A formerly industrial neighborhood with a rich history, Lawrenceville has transformed into a hub for innovation, creativity and nightlife.
- Size: 5 sq. mi.
- Population: 12,183
- Median Rent: $732
- Median Home Value: $88,304
There are lots of great places to eat in trendy and much-loved Lawrenceville, and more are on the way. For something casual, grab meaty tacos at Smoke BBQ Taqueria, gourmet hot dogs at Franktuary or Greek food at Pastitsio.
If you’d like to go a touch fancier (just a touch), try the Thai food at Pusadee’s Garden or handmade pizza and pasta at Piccolo Forno—both are super popular BYOB joints. And though it’s pricey, many would agree that the neighborhood’s best restaurant is Cure, which features Justin Severino’s inventive, meat-focused dishes. Severino recently opened Morcilla, a tapas restaurant in Lower Lawrenceville, in late 2015, to much acclaim.
For breakfast and brunch, check out the perpetually packed Coca Café, which serves up fresh takes on classic breakfast fare and delicious healthy options. French bakery Le Gourmandine is another good bet for breakfast bites, as well as a variety of irresistible breads, pastries and sandwiches.
Lawrenceville boasts at least two excellent, independent coffee shops. At Butler Street’s Espresso a Mano and Penn Avenue’s Constellation Coffee, you can get a perfectly pulled espresso and sip it among an always eclectic and interesting crowd. There’s also The Abbey, opened in early 2016 in a former mortuary. It’s a beautiful space with a warm and welcoming coffee bar and seating area, restaurant, three distinctive bars, and inviting outdoor patio.
Need another place to grab a drink? With the number of bars up and down Butler, you’ll have to be more specific. If you want beer, check out Industry Public House’s extensive draft list or Atlas Bottleworks’ impressive bottle selection and new basement taproom. For margaritas and sangria, try Round Corner Cantina, which has one of the best patios in town. Tender Bar and Kitchen is the place to go for craft cocktails and a staggering array of spirits, or head to the charming Allegheny Wine Mixer to sample Rieslings and Syrahs in a relaxed, unpretentious setting. There’s even the Grapperia, a bar dedicated to the potent Italian brandy. And if all that is just too much, not to worry—there are still plenty of dive bars (with endearing names like Stinky’s and Hambone’s) throughout the neighborhood.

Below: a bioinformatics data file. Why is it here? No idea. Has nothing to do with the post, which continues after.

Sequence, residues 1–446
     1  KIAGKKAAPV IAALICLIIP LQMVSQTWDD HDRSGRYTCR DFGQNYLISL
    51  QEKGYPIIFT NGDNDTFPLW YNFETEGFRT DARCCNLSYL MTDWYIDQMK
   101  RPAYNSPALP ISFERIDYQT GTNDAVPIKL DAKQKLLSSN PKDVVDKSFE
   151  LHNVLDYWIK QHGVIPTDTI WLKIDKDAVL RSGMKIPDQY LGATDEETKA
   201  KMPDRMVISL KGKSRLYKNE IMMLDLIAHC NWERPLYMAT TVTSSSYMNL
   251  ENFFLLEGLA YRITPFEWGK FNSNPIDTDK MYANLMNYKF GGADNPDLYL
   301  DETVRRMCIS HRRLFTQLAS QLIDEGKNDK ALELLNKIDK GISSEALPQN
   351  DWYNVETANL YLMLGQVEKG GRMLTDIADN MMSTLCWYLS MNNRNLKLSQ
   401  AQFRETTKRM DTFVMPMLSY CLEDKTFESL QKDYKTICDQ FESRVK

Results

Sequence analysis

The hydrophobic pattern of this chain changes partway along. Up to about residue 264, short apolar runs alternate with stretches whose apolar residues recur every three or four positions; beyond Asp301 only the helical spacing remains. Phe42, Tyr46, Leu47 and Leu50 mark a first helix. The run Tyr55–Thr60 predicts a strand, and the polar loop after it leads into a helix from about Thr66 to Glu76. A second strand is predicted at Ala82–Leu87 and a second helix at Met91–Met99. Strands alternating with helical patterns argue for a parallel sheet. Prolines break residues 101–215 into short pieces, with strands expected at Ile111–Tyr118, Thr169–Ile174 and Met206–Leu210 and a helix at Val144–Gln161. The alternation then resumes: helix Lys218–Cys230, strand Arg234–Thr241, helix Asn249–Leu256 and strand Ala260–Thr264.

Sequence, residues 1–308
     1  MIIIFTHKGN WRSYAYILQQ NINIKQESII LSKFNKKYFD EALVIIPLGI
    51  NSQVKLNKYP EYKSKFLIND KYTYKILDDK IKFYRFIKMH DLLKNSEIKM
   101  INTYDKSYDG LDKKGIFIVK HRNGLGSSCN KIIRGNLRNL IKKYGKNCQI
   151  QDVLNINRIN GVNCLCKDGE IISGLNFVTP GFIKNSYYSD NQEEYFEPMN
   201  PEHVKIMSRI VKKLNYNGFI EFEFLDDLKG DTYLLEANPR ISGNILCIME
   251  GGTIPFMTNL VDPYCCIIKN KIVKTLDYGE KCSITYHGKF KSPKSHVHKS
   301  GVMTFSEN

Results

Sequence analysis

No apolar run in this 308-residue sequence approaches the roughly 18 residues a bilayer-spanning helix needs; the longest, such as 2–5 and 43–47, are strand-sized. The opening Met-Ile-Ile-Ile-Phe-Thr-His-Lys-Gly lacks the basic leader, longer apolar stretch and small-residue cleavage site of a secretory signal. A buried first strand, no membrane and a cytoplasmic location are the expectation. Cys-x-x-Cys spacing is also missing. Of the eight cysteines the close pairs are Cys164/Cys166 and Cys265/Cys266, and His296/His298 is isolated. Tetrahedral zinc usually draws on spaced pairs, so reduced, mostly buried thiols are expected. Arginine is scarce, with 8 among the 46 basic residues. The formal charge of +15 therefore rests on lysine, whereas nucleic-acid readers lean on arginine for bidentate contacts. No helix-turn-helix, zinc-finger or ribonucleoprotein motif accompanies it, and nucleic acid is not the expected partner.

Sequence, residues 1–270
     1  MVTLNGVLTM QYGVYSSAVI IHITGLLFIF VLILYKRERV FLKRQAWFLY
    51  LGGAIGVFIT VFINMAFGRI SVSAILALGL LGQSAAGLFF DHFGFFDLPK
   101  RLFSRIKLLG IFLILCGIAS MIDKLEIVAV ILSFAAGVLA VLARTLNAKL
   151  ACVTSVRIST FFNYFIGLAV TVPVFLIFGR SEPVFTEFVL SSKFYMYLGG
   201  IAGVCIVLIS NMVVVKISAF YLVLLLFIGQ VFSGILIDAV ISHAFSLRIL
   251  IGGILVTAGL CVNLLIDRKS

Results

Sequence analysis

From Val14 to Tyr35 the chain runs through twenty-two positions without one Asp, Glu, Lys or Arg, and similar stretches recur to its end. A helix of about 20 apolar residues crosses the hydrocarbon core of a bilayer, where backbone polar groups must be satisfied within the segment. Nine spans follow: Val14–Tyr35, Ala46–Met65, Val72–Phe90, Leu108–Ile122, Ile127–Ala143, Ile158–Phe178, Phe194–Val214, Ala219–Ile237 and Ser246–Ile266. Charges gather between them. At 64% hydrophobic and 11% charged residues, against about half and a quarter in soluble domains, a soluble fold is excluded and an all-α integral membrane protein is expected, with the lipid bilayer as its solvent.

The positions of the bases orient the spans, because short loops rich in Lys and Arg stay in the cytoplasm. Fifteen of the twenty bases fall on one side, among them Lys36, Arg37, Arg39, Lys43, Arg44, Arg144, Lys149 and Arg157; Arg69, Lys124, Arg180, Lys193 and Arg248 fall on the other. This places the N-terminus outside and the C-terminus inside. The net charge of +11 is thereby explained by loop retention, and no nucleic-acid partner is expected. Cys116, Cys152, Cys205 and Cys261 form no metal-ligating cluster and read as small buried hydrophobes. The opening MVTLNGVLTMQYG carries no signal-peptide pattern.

Speaking of drinking, Lawrenceville also has several breweries. Church Brew Works is the oldest, and continues to draw huge crowds with its unique space in a historic church and its approachable beer. Hop Farm and Roundabout are relative newcomers, but have quickly made a splash with their inventive brews and attractive bars. Full Pint, which brews in North Versailles, recently opened a tap house in Upper Lawrenceville. And if beer isn’t your thing, Arsenal Cider House, which has a small tasting room and “cider garden,” makes exquisite (and boozy) ciders.
Butler Street isn’t just for eating and drinking. When it comes to shopping, you’ll find a little of everything, from designer clothing at Mid-Atlantic Mercantile to locally-made gifts and cards at Wildcard to all things zombie at House of the Dead. A personal favorite is Who New?, an Upper Lawrenceville store that’s jam-packed with all sorts of funky, retro décor and furniture.
For entertainment, you can catch a show at many of Butler Street’s bars, including Thunderbird Café and Cattivo. Or take in a movie at Row House Cinema, a single-screen theatre that picks movies based on a weekly theme. For some analog fun, go bowling at Arsenal Lanes or play one of Kickback’s fifteen-plus pinball machines.
Even with so much going on, Lawrenceville still finds room for some open space. Arsenal Park offers tennis courts and playgrounds, while the 300-acre Allegheny Cemetery is a beautiful place for a jog—and a history lesson.
Lawrenceville is named for Captain James Lawrence, the naval officer who uttered the famous words “Don’t give up the ship!” during the War of 1812.
Composer Stephen Foster was born in Lawrenceville in 1826, and the neighborhood has held an annual event in his memory since the early 1920s.
Lawrenceville was once home to the Allegheny Arsenal, which manufactured ammunition for the Union army during the Civil War. In 1862, it was the site of a devastating explosion that killed 78 civilians.
CMU’s National Robotics Engineering Center, which makes its home in a rehabbed Lawrenceville foundry, specializes in developing unmanned robots for use in dangerous situations.
Lawrenceville is home to a number of quirky annual events, including the Joy of Cookies Cookie Tour, Art All Night and RANT (Rock All Night Tour).
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